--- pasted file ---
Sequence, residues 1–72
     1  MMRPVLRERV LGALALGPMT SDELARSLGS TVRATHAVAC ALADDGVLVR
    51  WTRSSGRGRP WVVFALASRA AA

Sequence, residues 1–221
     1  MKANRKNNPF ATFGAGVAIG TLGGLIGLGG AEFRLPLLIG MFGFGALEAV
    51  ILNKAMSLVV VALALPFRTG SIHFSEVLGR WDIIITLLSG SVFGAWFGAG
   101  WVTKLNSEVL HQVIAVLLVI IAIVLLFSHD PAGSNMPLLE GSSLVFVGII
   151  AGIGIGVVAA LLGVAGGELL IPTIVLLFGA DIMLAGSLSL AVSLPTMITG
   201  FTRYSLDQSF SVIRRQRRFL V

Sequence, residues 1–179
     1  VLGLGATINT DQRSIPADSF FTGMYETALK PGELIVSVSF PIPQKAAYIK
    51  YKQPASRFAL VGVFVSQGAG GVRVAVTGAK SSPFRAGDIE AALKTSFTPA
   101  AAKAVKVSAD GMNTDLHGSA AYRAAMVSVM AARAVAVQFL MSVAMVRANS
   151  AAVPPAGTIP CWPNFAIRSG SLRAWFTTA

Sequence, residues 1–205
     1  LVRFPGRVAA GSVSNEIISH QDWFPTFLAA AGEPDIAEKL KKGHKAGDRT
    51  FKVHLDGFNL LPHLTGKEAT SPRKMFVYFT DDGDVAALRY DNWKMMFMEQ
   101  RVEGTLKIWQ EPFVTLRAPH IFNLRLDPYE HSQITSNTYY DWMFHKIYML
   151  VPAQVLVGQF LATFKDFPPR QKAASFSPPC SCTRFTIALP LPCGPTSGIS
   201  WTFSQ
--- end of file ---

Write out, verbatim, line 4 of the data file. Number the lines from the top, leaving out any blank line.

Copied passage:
Sequence, residues 1–221